It is disconcerting to note that, even with the increase in intake of medical students by our local universities, Singapore is still facing a shortage of doctors ("Number of foreign doctors rising in public sector"; Monday).
To plug the gap, we are looking to foreign doctors and encouraging Singaporeans in overseas universities to return here to work.
These measures have some shortcomings, as compared to having more Singaporeans trained here.
Our reliance on foreign doctors, especially those who are not conversant in our local languages, makes doctor-patient communication challenging.
Even with an interpreter bridging the language divide, subtle nuances may be lost in translation. Patients may also not be comfortable with discussing their medical conditions via an interpreter.
Also, will doctor-patient confidentiality be breached with the presence of an interpreter?
As it takes time for foreign doctors to gain an understanding of the cultural practices and taboos of the various ethnic groups, misunderstandings may arise in the interim.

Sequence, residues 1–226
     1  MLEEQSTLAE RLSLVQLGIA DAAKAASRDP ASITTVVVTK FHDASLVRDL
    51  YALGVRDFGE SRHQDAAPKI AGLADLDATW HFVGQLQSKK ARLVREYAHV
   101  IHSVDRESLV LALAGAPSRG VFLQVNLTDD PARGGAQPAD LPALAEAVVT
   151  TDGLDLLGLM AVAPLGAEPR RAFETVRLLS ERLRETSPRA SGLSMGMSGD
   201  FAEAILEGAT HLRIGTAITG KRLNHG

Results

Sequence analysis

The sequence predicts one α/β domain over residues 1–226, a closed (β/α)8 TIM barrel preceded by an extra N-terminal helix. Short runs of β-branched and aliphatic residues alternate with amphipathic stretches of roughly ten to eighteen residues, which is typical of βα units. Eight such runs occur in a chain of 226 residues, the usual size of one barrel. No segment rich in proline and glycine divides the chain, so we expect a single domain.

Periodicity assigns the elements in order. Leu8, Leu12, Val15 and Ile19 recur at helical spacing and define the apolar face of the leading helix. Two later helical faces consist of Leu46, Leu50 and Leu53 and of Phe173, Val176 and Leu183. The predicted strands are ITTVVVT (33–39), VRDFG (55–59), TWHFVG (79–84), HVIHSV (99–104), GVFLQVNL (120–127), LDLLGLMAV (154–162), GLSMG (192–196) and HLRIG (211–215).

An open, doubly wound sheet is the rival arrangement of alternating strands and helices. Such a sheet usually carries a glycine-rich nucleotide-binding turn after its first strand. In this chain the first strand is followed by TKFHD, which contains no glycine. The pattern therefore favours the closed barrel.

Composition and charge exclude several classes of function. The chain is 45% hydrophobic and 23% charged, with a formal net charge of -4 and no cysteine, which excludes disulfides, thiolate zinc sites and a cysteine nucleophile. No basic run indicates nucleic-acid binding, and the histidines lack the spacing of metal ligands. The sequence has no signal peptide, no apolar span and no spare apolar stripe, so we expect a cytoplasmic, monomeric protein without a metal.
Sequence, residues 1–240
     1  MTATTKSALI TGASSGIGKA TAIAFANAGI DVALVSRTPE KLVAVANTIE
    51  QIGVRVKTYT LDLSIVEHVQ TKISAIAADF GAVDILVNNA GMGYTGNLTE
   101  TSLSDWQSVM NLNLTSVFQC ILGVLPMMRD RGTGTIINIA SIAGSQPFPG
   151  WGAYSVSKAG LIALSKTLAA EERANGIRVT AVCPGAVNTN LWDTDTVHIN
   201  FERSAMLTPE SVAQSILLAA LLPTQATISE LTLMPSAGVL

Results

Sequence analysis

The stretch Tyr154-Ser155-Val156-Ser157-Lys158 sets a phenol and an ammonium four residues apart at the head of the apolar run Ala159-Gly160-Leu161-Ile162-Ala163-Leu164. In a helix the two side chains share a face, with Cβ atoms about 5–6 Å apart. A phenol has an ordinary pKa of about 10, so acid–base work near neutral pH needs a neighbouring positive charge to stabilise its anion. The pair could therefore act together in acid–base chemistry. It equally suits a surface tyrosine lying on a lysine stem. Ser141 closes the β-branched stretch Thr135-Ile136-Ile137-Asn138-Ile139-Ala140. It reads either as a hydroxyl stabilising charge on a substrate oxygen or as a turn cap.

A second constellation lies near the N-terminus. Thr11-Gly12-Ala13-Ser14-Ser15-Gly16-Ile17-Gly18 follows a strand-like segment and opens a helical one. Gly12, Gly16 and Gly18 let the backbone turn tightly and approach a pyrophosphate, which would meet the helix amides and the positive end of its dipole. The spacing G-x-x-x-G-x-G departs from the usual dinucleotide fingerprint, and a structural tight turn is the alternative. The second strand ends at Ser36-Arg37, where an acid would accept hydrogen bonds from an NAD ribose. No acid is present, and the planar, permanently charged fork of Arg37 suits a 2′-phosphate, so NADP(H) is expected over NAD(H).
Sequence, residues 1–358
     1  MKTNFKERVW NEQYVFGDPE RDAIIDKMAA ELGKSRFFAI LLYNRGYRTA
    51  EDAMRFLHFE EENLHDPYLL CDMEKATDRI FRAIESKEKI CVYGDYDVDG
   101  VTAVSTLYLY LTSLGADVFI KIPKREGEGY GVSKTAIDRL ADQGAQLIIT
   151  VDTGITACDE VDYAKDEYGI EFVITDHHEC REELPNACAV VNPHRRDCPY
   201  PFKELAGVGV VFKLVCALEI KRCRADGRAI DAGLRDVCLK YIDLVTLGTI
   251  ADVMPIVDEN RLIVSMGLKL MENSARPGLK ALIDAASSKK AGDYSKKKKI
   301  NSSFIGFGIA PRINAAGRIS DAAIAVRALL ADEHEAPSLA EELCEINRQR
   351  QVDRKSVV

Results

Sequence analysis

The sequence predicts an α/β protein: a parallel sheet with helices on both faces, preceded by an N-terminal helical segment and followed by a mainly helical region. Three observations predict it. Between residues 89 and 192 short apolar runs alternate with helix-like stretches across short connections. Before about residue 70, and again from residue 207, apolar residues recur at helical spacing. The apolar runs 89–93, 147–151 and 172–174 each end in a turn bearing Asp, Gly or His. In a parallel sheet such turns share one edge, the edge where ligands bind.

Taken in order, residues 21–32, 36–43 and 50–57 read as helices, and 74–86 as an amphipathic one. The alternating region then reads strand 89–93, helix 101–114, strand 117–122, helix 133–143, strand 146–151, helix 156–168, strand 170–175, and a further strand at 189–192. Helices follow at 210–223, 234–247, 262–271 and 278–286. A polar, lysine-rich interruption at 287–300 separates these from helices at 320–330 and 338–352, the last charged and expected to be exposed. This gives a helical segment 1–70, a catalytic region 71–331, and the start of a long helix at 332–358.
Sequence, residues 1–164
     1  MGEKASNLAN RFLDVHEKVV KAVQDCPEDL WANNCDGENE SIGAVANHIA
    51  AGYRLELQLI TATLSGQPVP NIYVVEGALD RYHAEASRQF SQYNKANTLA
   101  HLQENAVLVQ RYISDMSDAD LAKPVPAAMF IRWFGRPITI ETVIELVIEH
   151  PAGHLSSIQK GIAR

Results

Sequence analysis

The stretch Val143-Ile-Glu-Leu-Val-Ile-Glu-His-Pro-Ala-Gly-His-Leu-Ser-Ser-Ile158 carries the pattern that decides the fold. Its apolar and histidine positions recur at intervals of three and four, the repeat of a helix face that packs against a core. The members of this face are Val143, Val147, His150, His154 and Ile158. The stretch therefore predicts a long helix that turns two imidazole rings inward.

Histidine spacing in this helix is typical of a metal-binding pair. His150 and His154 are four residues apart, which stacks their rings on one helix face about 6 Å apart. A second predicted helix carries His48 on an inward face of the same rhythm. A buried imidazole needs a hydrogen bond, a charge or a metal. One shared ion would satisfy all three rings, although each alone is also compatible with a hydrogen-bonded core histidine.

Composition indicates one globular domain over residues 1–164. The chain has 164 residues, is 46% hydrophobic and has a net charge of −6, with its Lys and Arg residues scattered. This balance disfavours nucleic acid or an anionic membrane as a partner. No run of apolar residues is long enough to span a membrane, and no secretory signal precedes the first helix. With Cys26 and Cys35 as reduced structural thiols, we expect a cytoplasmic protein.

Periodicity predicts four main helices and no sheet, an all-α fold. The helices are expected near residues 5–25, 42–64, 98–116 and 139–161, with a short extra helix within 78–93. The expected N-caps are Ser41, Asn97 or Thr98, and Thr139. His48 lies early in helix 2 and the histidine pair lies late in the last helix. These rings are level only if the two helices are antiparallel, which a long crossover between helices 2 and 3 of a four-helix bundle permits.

Foreign doctors are also more likely to leave Singapore, and this higher turnover may affect patient care and lead to loss of institutional knowledge and skills gained here.
Instead of enticing Singaporeans to return after their medical studies abroad, it makes more sense for more of them to be trained by our own institutions in the first place.
The vast majority of our overseas medical students study in foreign universities because they could not get admission to a local university. Their families have to spend large sums of money to send them overseas. After having trained overseas, they would have to adapt to our healthcare system.
We may also lose many of them to the countries in which they have trained, thus exacerbating our dearth of doctors.
I hope that more places can be made available to Singaporeans in medical schools here, so that we can train a larger core of local doctors and rely less on foreign doctors in our healthcare system.
Maria Loh Mun Foong (Ms)